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That was dramatic. Don’t worry, leave your end of the world bag at home.

What you should bring with you, is contact details of local vets in the area you’re holidaying. If your dog suffered an accident, you wouldn’t want to waste any time.

What would be even smarter, is if you scribbled down some directions too. And, in case there’s a day your dog can’t go with you – research some dog kennels and dog sitter. 

5. What to Take With You

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When you start listing it, you’ll be surprised how much stuff you’ll need to take on holiday for your dog.

Here are some of the essentials –

  • Lead

  • Food & water bowls

  • Collar

  • ID tags

  • Waste bags

  • Bed

  • Shampoo

  • Towel

You’ll also want to take enough food for the whole holiday. "I can buy it when I’m there though…"

You could, yes, but what if it’s a rural location and they don’t have your dog’s standard food? Or any location. Better safe than sorry – because changing a dog’s diet suddenly can give them digestive issues.

Another thing to take, is a photo of your dog. It appears strange, yep, but if your dog goes walkabout you can show it to people.

“Hmmm, I saw the very same pooch…running after a meat van!”.

“Ah, of course - thank you good citizen”. 

6. Sit! Stay! Backflip!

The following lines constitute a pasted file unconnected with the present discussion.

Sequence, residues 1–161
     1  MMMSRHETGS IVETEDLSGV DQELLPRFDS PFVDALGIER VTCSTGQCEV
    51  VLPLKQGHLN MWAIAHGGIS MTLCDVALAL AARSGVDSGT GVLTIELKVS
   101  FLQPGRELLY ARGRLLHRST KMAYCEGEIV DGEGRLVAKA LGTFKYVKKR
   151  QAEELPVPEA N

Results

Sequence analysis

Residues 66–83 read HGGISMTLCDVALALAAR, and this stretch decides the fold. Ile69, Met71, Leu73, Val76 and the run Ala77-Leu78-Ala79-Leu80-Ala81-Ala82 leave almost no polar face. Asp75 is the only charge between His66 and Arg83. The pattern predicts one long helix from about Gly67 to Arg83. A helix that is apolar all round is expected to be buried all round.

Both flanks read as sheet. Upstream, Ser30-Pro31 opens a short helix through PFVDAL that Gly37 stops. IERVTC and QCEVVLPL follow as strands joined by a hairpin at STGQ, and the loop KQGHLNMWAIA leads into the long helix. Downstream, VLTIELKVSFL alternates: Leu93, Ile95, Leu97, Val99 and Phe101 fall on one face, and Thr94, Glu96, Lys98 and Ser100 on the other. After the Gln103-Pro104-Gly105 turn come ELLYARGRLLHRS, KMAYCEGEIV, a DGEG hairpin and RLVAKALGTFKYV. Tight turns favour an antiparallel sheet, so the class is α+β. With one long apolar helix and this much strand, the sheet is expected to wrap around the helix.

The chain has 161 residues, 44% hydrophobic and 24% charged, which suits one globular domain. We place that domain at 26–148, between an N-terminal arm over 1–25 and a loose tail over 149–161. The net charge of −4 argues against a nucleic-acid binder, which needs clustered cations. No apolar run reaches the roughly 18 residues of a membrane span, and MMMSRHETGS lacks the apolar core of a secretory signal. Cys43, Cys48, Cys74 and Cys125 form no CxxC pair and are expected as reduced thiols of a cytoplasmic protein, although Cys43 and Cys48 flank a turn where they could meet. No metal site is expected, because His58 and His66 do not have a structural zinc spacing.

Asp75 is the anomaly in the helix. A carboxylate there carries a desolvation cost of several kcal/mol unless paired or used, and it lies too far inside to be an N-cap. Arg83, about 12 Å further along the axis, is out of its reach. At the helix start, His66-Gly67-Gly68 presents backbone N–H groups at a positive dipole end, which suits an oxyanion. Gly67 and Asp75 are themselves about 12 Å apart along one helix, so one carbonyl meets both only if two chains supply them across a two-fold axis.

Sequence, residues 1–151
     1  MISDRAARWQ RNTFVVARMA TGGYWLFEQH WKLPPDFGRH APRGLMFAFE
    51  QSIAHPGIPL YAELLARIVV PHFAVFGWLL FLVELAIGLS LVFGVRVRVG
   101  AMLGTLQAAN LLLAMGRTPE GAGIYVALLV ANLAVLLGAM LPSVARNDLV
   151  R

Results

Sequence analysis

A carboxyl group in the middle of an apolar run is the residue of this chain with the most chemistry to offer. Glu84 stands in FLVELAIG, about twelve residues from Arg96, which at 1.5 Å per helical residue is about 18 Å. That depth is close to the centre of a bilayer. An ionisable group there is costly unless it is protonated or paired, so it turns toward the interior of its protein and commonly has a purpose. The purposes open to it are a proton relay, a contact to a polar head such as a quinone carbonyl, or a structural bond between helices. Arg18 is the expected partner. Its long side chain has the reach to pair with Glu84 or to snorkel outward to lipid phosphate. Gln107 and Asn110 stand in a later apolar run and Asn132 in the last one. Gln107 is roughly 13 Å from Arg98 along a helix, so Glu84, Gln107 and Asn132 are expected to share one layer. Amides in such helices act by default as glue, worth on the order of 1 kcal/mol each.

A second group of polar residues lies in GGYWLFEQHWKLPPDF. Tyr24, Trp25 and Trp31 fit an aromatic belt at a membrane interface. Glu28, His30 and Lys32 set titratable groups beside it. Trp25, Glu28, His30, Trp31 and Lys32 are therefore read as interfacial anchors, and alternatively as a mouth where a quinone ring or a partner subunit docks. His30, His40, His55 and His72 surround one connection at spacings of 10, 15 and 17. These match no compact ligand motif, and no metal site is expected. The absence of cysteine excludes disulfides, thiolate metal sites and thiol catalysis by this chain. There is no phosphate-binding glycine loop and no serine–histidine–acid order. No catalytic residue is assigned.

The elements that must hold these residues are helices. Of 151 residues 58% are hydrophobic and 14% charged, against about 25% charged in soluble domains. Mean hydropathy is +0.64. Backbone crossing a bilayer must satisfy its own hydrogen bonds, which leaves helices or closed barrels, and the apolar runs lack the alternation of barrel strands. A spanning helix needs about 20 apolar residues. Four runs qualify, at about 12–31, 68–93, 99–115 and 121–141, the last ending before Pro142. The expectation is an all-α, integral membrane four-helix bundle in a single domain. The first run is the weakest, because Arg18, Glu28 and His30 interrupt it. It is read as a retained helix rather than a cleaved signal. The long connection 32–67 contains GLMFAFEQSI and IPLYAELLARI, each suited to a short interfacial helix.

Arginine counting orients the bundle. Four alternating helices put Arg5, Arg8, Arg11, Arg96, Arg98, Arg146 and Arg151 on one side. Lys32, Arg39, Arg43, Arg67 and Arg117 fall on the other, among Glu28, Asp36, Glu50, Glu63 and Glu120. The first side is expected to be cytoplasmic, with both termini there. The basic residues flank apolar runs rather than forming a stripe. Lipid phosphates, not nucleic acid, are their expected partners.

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How is your dog with basic commands?

None of us want to be that person. The one turning redder and redder, with each failed bellowing of their dog’s name – whilst doggo whizzes about strewing chaos indiscriminately.

As much as we might adore our pups, not everyone shares our enthusiasm. In fact, some people actively dislike dogs. Or are afraid of them for perfectly good reasons. Whatever the case, if your dog starts jumping up at them – “hello” will be lost in translation.

Teaching your dog to come back, sit, stay and other basic commands is respectful to others, and safer for your dog. After all who knows what someone might do in a blind panic, when caught of guard.

Patience is a virtue when training your dog and remember to reward them after they do what you want. 

7. The Journey

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If your holiday involves a long drive, it could be nightmarish for your dog if they’re not used to it.

Think; whining, barking, growling, going to the “loo”. The best solution is to expose them to some short journeys beforehand. This way they acclimatise themselves to the car and it’s not a system shock when it comes to a long-haul drive.

Also, you know what dogs are like –

Whilst it’s great to let them roam free in the car, a wet sniffy snout in the earhole isn’t ideal when you’re driving.